Twenty-Four Hours

I’m either really brave or really, incredibly stupid. I don’t know which.


Since I “won” NaNoWriMo, I had five free books from three different independent publishers that I could burn off–two from Blurb, one fromFastPencil and two from CreateSpace. So I picked out two friends, the widow of my favorite teacher and my Grey-Eyed Monster.

Of course, that didn’t come without problems.


I don’t think I’ve used Blurb before, but they use very, very familiar software–software that is very annoying and difficult to use. I was willing to give it another shot, but nothing has changed in the intervening years.

FastPencil seemed good…easy to navigate, easy to prepare my books for printing…but they charge $9.99 to keep your book private$9.99? WHO DOES THAT?! Self-publishers usually charge you if you don’t want to keep your book to yourself, not the other way around! With free books, a $9.99 “distribution fee” and $1.50 shipping/handling, it should’ve been $11.49; but they wanted to charge me $12.51! Customer service said, “I don’t know how that would happen. Can you send me a screenshot?” No, I can’t. Not when you’re charging me ten fucking dollars to keep it to myself and then your “cart” can’t even add. Keep your book…I’ll go find something cheaper!

The only one that worked was CreateSpace. As usual, Amazon was no fuss, no muss (pardon the cliché). Any size I wanted, two copies (even if they were of pre-existing works of mine), pay the shipping cost, the end. That was two copies of Barefoot on the Couch, my most expensive book. (The one that was $23, but they made me jack it up to $32.23, so they could sell it for $28.29. Ugh.)

So that left me hanging with two books and four readers. Gleep.

Enter Lulu. These guys should really get more attention, because they do paperback and hardcover, ebooks and calendars and CDs (or used to) and…I haven’t tried everything, but SERIOUSLY!

Oh and their cover designer is less stress-inducing. And you can upload individual documents–perfect if you separate out your chapters like me. Plus, they don’t artificially inflate the price–they give you a base price that’s (usually) lower than Amazon and they’ll show you how much you’ll make in royalties based on how much of a markup you apply.

I’ve never sold anything on Lulu (at least when I had things on the market there), but I sure love them for cheap author’s copies. Two “un-fancy” paperback copies of Early One Morning for $8.86. And that was with shipping! (I also think their shipping has gotten faster. It used to be closer to the far end of five to fifteen days if you went cheap, but this time, it seemed like it only took about a week.)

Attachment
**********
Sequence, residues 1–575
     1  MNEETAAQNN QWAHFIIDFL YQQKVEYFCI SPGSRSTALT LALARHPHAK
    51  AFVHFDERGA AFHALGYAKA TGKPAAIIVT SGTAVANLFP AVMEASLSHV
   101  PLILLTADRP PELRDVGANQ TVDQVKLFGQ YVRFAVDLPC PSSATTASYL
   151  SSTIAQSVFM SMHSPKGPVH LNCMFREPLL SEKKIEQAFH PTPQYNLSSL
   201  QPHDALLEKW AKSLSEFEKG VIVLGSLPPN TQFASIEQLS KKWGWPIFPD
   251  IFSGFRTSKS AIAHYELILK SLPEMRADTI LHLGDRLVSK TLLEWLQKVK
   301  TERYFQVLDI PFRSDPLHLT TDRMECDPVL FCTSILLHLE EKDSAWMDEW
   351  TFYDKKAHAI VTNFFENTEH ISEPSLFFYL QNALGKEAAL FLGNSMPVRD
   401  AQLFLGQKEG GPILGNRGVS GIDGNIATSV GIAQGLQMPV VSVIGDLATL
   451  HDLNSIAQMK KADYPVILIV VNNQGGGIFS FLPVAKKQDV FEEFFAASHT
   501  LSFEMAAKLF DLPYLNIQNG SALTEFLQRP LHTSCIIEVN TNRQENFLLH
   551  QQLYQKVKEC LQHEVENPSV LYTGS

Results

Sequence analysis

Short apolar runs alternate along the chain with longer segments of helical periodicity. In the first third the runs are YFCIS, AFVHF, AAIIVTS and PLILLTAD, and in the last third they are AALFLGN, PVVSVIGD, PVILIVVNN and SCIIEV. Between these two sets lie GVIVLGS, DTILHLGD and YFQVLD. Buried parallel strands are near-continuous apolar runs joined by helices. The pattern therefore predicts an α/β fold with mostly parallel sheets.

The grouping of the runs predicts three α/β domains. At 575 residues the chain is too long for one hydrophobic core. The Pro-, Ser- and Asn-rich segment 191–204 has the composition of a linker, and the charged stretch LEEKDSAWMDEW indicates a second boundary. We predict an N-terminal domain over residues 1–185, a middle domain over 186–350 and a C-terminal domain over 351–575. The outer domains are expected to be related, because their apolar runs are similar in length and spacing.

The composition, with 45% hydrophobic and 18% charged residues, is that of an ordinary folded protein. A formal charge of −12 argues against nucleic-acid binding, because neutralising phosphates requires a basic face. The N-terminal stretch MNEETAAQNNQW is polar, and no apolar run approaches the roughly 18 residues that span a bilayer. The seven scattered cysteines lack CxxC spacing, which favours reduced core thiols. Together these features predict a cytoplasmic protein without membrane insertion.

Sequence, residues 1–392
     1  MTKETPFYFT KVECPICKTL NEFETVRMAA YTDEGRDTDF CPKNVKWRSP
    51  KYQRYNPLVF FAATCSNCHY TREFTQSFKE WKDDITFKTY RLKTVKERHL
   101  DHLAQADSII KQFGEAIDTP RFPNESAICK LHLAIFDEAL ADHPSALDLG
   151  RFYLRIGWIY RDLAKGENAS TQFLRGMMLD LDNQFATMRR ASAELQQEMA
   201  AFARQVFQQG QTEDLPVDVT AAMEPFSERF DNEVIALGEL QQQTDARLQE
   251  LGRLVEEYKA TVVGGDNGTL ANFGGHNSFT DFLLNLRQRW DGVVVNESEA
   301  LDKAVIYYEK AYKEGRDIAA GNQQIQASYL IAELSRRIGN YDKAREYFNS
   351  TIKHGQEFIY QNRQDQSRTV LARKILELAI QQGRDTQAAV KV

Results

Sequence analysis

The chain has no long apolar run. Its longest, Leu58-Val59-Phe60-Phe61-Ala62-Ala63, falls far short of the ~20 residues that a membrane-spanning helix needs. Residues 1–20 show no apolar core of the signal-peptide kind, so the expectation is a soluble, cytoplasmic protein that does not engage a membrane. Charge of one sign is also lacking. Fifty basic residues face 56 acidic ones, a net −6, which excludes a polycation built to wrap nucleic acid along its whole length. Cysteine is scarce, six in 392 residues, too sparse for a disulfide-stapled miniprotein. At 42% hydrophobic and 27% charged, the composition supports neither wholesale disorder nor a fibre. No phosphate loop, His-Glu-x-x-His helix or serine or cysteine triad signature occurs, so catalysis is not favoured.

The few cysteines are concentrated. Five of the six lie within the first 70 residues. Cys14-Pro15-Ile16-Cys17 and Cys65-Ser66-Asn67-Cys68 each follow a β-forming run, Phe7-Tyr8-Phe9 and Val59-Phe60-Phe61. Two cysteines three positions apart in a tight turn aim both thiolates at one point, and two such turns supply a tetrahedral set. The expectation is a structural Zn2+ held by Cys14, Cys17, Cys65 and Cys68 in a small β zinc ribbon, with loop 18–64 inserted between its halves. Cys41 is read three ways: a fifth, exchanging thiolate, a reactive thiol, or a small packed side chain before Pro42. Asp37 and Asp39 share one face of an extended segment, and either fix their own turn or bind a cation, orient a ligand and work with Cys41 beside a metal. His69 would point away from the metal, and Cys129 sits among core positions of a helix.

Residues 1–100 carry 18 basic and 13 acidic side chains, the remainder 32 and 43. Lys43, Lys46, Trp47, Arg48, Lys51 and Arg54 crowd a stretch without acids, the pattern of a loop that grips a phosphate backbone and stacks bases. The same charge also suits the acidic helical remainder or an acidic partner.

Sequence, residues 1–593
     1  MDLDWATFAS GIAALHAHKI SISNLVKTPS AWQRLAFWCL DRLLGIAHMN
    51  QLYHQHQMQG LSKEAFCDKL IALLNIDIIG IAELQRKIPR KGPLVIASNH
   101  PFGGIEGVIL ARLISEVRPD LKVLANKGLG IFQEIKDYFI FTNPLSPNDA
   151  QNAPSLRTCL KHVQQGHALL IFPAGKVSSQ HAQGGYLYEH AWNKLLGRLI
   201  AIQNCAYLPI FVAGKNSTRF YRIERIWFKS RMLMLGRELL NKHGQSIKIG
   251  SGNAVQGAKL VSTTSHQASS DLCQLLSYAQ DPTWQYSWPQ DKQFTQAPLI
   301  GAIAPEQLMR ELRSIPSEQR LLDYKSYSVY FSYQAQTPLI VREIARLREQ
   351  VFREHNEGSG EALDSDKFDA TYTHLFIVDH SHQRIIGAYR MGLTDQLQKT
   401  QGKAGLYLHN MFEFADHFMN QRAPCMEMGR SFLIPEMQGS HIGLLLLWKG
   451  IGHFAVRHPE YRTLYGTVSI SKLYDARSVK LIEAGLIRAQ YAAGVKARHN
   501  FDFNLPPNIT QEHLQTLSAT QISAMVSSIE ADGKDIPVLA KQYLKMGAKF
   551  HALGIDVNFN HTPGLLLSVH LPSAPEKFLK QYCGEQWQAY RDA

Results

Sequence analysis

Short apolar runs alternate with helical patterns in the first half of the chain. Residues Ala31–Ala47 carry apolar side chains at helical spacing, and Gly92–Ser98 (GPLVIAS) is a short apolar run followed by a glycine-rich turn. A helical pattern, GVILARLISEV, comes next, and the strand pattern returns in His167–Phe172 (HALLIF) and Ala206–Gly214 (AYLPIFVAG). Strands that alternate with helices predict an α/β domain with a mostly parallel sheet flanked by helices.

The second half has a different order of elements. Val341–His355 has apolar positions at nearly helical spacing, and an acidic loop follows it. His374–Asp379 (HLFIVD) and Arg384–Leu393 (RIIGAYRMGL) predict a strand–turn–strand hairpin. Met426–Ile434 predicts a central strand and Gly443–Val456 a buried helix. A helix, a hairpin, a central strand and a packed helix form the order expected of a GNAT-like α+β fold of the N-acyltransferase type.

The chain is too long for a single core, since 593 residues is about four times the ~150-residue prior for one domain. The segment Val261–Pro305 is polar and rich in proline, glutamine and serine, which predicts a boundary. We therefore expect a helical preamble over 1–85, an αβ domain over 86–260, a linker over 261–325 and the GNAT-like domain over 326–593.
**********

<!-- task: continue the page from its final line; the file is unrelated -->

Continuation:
(I took so long to write this entry that I lost my train of thought, so I’m just going to cut to the chase.)


Four books, four people…but only two copies of each and three people wanting Early One Morning. So I had to get creative. (Okay, two people said they wanted copies of EoM, but I wanted to give Gem a copy too, so I was in a twist.)

The twist was easily resolved…I told Michelle and Rosie to pick a number between one and twenty and the closest would get a physical copy of the book. I don’t remember what their numbers were, but mine was 17 (of course), so Michelle got the actual copy and I sent a Word version to Rosie. They’ll review after finishing, as time allows. (Rosie is a manager and Michelle has an insane life.) I probably owe Rosie an autographed something or other, since I autographed the inside cover of Michelle’s book. (With my precious silver autograph pen, of course. ^_^)


They say an author is her own worst critic. If I’m my own worst critic, then strangers are the second worst. That’s why giving out books is both a happiness and fear-inducing activity.

I gave my Pagan-loving, man-mooning poetry anthology to a woman I’ve only met once. A nice Christian lady, as I’m sure you could tell by the message I reposted from Facebook the other day. I gave the same book to Gem, but at least I don’t have to worry about him misconstruing any of the romantic poetry–I clearly stated that the book was published in 2012, before I went crazy for him.

Maybe the bigger worry is how he’ll feel about Early One Morning.

As I told Michelle this morning, Early One Morning is basically a love letter to my Grey-Eyed Monster, doused liberally with rape and “I hate you!” [Spoiler–highlight if you want to read] Pontius Pilatus tells Julia Severide he loves her, but only after raping her once, having semi-consensual sex the second time and exiling her! [/Spoiler] Not even ’til the end of the trilogy does Julia admit [Spoiler] she loves him at least a little. But that’s after he’s raped her again, forced her into marriage and the emperor condemns him to death. [/Spoiler] Yow!

Part of me says he thinks I'm absolutely loco to begin with, so this shouldn't be so different…but the rest of it says that I'm taking it way too far.

It scarcely matters, though. The box left Heathrow at 8:14a this morning (1:14p BT). He'll certainly have it tomorrow–especially since I imagine England isn't in the midst of a blizzard!

No full video this time…just music and lyrics.

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